wreckamic:

Vintage Ebony Burlesque

(via soafrolicious)

divalocity:

"BORN TO STAND OUT."

divalocity:

"BORN TO STAND OUT."

(Source: yarrahs-life)

Remember

femmadilemma:

There are people getting rich on our hatred of our bodies

(via soafrolicious)

Blame it on the opinions of sheep

Why
They ask
Are you short
Are you fat
Are you happy
Your not happy
You hungry
Your black
Your white
Excuse me but your hair is quite curly
Are you mixed
Were are you from?
To be continued……

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Lost in intolerable situa

I am knocking doors
Inside my mind
Trying to find
An answer
Trying to climb through or knock
Them doors over
I kno that they are doors without floors
Without words
Without heart
I keep questioning life
Like I am not supposed to be here
I keep questioning it
Imagining if I was just
A
Shadow of the sky
Just a reflection of the ocean
Just a sound of a chirping bird
Or a speckle of dust…
It’s weird
An…

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Reality of a pregrant woman unwedded

I am not married
Not baptised
Been sliced like a watermelon
Been shown days that could make deserts seem easy to live in
Been shot by the wrong arrow
Or stabbed by the wrong edge of the knife
I’ve seen days that seem to not end…for I am not married
Am I a sinner?
Was it born into sin
Am I wrong for being unmarried?
So they stand and stare no wedded finger…
But she has a belly on her
How nieve…

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True stories

A housing officer once came into
My flat
With a different approach
We spoke
I lived on my own
He came into my flat
We spoke
Then he started texting me
I lived on my own
I didnt harm a fly
Nor a person
My whole being felt
Unwrapped into openness
I lived on my own
He brought a bible to
My
Flat
Though he Usto send me hearts
And kisses
He made me feel weird
I lived on my own
One day he sat next to me

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nofreedomlove:

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Source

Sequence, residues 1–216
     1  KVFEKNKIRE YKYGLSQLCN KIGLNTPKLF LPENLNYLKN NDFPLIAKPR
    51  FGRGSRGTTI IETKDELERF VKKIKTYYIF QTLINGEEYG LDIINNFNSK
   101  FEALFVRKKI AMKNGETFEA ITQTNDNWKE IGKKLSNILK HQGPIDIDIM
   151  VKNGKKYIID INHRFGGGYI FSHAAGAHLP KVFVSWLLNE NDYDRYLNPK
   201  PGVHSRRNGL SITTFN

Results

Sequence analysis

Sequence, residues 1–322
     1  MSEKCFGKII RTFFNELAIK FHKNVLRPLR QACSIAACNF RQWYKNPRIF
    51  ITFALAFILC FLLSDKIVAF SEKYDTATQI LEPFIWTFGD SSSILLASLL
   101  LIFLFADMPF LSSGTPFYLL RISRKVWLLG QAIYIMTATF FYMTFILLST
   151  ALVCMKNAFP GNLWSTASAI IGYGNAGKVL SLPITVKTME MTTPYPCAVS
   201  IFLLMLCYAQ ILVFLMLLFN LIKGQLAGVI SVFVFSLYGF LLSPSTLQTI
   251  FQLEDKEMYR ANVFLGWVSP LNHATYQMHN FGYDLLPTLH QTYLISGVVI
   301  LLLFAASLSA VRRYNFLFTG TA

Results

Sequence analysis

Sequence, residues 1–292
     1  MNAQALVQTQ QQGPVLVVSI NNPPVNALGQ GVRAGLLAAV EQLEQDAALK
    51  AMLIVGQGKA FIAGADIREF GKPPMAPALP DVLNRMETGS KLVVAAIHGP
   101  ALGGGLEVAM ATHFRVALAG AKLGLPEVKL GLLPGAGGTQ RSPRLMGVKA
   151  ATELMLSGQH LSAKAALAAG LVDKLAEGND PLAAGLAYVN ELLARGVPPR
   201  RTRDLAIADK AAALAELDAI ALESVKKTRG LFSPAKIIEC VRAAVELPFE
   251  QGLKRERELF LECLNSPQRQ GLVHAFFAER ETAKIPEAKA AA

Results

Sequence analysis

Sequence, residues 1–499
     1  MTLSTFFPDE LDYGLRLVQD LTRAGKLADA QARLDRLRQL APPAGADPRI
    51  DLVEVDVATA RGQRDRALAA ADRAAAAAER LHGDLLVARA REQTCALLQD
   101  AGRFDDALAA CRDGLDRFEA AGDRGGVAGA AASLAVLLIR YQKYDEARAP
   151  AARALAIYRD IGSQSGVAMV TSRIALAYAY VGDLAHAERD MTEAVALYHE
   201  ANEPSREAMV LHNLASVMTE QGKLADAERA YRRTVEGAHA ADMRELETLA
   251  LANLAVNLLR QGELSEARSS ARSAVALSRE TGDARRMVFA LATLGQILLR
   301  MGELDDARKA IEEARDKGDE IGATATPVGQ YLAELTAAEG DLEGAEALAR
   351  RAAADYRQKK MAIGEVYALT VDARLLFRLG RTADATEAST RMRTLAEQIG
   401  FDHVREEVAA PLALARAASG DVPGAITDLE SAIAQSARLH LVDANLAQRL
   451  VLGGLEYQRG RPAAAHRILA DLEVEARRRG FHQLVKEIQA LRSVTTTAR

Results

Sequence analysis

"Image Credit: Carol Rossetti

When Brazilian graphic designer Carol Rossetti began posting colorful illustrations of women and their stories to Facebook, she had no idea how popular they would become. 

Thousands of shares throughout the world later, the appeal of Rosetti’s work is clear. Much like the street art phenomenon Stop Telling Women To Smile, Rossetti’s empowering images are the kind you want to post on every street corner, as both a reminder and affirmation of women’s bodily autonomy. 

"It has always bothered me, the world’s attempts to control women’s bodies, behavior and identities," Rossetti told Mic via email. "It’s a kind of oppression so deeply entangled in our culture that most people don’t even see it’s there, and how cruel it can be."

Rossetti’s illustrations touch upon an impressive range of intersectional topics, including LGBTQ identity, body image, ageism, racism, sexism and ableism. Some characters are based on the experiences of friends or her own life, while others draw inspiration from the stories many women have shared across the Internet. 

"I see those situations I portray every day," she wrote. "I lived some of them myself."

Despite quickly garnering thousands of enthusiastic comments and shares on Facebook, the project started as something personal — so personal, in fact, that Rossetti is still figuring out what to call it. For now, the images reside in albums simply titled “WOMEN in english!" or "Mujeres en español!" which is fitting: Rossetti’s illustrations encompass a vast set of experiences that together create a powerful picture of both women’s identity and oppression.

One of the most interesting aspects of the project is the way it has struck such a global chord. Rossetti originally wrote the text of the illustrations in Portuguese, and then worked with an Australian woman to translate them to English. A group of Israeli feminists also took it upon themselves to create versions of the illustrations in Hebrew. Now, more people have reached out to Rossetti through Facebook and offered to translate her work into even more languages. Next on the docket? Spanish, Russian, German and Lithuanian.

It’s an inspiring show of global solidarity, but the message of Rossetti’s art is clear in any language. Above all, her images celebrate being true to oneself, respecting others and questioning what society tells us is acceptable or beautiful.

"I can’t change the world by myself," Rossetti said. "But I’d love to know that my work made people review their privileges and be more open to understanding and respecting one another."

From the site: All images courtesy Carol Rossetti and used with permission. You can find more illustrations, as well as more languages, on her Facebook page.

Inspirational

(via devoutfashion)

thatdresspersonality:

a j o a h a t s - by @ajoacilla

Beautiful!! xx

humansofnewyork:

"I don’t want to be the mom that my mom was. I have to be very present all the time, and very watchful of any patterns I might be repeating.""What pattern are you most fearful of repeating?""Shutting him down all the time. Not letting him have a voice."

Deep this how I feel about being a mom

humansofnewyork:

"I don’t want to be the mom that my mom was. I have to be very present all the time, and very watchful of any patterns I might be repeating."
"What pattern are you most fearful of repeating?"
"Shutting him down all the time. Not letting him have a voice."

Deep this how I feel about being a mom

(via soafrolicious)